On a trip back to Michigan, I saw the documentary "Poletown Lives" about the protests against the building of a new Dodge plant in a Polish Detroit neighborhood. There were protests and civil disobedience by the citizens, especially against the destruction of their church in the way of the new factory. I was inspired by the scenes of grandmothers--like my own, white-haired, pink-faced, in flowered dresses--being carried out of the church by police. Back in California, I sponsored a mid-day showing at the Roxie Cinema.

Poland after communism has become a conservative country, with abortion rights threatened by the hegemony of the Catholic church. One wonders if it has jettisoned its antisemitism, and I especially look for clues in instances in the arts. A feature on NPR in April, 2006 told how Jewishness is a fad among young Poles, with "Hava Nagila" and songs from "Fiddler on the Roof" sung in rock clubs. Is this genuine appreciation, or merely the fetishizing of alterity? There has been a belated translation of Art Spiegelman's MAUS into Polish, a long comic book where Poles are represented as pigs, Germans as cats and Jews as mice. There has been an artistic controversy over which nation--Poland or Israel--should own prewar murals by Bruno Schwartz, who died in a concentration camp. Was he Jewish, to be claimed as a part of the Jewish nation’s heritage, or essentially Polish, despite the unfortunate circumstances leading to his death? Polish-American academics (including the University of Michigan's Marysia Ostafin) have protested the murals proposed relocation to Israel, and defended Poland’s right to keep and exhibit the artworks as part of its cultural history. History rewrites an artist’s identity.

Welk Held the Key

Home on a Saturday night last winter, my wife and I--typical boomer cocooners--hadn't rented a video from the shop down the block. We turned on the PBS station in hopes of a Ken Burns historical documentary, or fulminating political talking heads like "The McLaughlin Group". Instead, to my intial horror, we found Lawrence Welk. My God, that roll-out-the-barrel hooplah was dated even thirty-five years ago. Yet upon this viewing, what struck me the most is the generationally-defined ethnicity of Welk, introducing each act with a noticeable immigrant's accent.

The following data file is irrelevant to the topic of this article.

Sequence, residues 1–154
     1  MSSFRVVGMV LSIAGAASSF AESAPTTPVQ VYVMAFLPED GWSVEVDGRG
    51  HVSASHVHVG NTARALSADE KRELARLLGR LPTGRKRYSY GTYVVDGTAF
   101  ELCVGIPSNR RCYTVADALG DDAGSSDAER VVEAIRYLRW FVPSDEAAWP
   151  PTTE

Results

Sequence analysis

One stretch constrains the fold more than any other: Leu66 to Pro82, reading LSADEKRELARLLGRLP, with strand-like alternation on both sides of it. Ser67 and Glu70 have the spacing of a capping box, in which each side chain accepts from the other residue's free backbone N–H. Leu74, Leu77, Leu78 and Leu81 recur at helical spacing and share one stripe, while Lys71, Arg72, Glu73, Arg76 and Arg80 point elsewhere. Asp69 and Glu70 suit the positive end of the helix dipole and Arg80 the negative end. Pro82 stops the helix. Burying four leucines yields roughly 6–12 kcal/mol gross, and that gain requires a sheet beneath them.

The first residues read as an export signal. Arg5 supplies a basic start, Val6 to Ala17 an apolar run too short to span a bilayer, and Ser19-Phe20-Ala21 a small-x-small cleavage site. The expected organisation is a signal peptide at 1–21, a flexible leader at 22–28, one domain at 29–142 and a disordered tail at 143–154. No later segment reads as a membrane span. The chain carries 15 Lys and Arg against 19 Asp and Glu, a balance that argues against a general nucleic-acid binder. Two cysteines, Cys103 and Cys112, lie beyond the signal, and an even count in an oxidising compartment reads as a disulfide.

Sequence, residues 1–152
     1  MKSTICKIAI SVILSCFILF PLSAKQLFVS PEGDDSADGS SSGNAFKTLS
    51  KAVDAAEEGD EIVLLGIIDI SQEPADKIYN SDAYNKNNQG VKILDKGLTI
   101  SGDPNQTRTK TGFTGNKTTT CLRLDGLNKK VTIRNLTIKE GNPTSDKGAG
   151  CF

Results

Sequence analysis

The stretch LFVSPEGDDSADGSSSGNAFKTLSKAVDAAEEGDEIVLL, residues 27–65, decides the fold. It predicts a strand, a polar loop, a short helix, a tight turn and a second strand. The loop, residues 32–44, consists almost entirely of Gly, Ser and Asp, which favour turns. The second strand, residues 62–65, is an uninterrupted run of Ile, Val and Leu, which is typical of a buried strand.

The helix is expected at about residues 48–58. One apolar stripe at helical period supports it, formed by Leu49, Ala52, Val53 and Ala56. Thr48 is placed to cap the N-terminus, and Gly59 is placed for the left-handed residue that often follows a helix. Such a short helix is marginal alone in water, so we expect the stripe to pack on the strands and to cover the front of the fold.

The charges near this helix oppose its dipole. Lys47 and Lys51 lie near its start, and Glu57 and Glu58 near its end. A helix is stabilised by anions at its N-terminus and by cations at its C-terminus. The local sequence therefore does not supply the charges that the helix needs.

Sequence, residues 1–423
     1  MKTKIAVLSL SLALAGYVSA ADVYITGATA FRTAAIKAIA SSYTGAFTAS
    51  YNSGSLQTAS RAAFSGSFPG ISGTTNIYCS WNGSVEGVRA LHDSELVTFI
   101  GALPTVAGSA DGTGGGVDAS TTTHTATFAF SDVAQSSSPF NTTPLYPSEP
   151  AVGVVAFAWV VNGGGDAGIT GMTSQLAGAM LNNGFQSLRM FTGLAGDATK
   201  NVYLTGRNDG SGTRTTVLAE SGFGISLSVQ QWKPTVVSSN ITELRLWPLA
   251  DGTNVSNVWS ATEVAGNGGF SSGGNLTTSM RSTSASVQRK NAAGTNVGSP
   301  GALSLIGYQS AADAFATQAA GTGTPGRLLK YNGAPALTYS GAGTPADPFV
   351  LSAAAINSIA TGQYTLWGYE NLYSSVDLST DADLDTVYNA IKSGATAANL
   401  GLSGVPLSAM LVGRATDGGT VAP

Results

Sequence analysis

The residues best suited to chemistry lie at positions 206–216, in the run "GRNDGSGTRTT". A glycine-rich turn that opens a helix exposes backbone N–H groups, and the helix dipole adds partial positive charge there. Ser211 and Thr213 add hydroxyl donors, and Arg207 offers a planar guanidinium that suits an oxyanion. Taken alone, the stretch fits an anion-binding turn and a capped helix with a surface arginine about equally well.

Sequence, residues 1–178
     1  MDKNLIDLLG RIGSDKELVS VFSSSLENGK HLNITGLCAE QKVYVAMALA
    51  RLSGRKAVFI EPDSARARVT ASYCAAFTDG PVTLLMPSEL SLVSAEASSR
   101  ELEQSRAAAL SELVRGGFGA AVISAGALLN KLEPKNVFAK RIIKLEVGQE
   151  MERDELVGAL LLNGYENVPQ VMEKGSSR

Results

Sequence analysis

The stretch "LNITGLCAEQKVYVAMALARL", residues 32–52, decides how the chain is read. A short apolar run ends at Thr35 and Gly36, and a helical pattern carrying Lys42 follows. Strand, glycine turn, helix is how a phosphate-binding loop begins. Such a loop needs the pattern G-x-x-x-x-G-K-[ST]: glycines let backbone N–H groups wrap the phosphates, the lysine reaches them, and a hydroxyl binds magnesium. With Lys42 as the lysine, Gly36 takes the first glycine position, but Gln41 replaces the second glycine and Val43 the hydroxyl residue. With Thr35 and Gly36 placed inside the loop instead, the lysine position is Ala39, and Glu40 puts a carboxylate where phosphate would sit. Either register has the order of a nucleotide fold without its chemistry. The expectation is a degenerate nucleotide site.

In the early 1970s there was nothing less hip to American youth than Lawrence Welk. Even my mom (fifteen years younger than my father) found it cornball and square. To teenagers, it was everything that the MC5, Stooges and Alice Cooper had supposedly blown away. When we are smart and nerdy kids and adolescents, we define ourselves by what we are not. That is why a decade ago "Beavis and Butthead" struck such a resonant chord, for they attempted to distance themselves from--and position themselves above--hegemonic pop culture while remaining so fascinated by it. Beavis and Butthead tried to be hipper than the rock imagery that transfixed them--the dilemma men look back on, remember and wince.

In 1983 the San Francisco Chronicle writer Gerald Nachman examined the Welk phenomena. Welk was "Mothers' Boy", strutting before a "national audience of happy squares". He demonstrated humility, would grin through an accordion solo or acknowledge applause before a song with a heavily accented "Than-a-you, but iss not gunna be all tat good". He noted that Welk defied time and fashion with the same gray double-breasted suit for three decades. "Welk knows his place (Fargo, North Dakota, circa 1938)" as a small-town bandleader and "reminder of a Gentler Time (or recreator of one)". During the show, which Californian Nachman called "The Middle-American Bandstand", Welk would dance the polka, whirling around with "gray-haired groupies".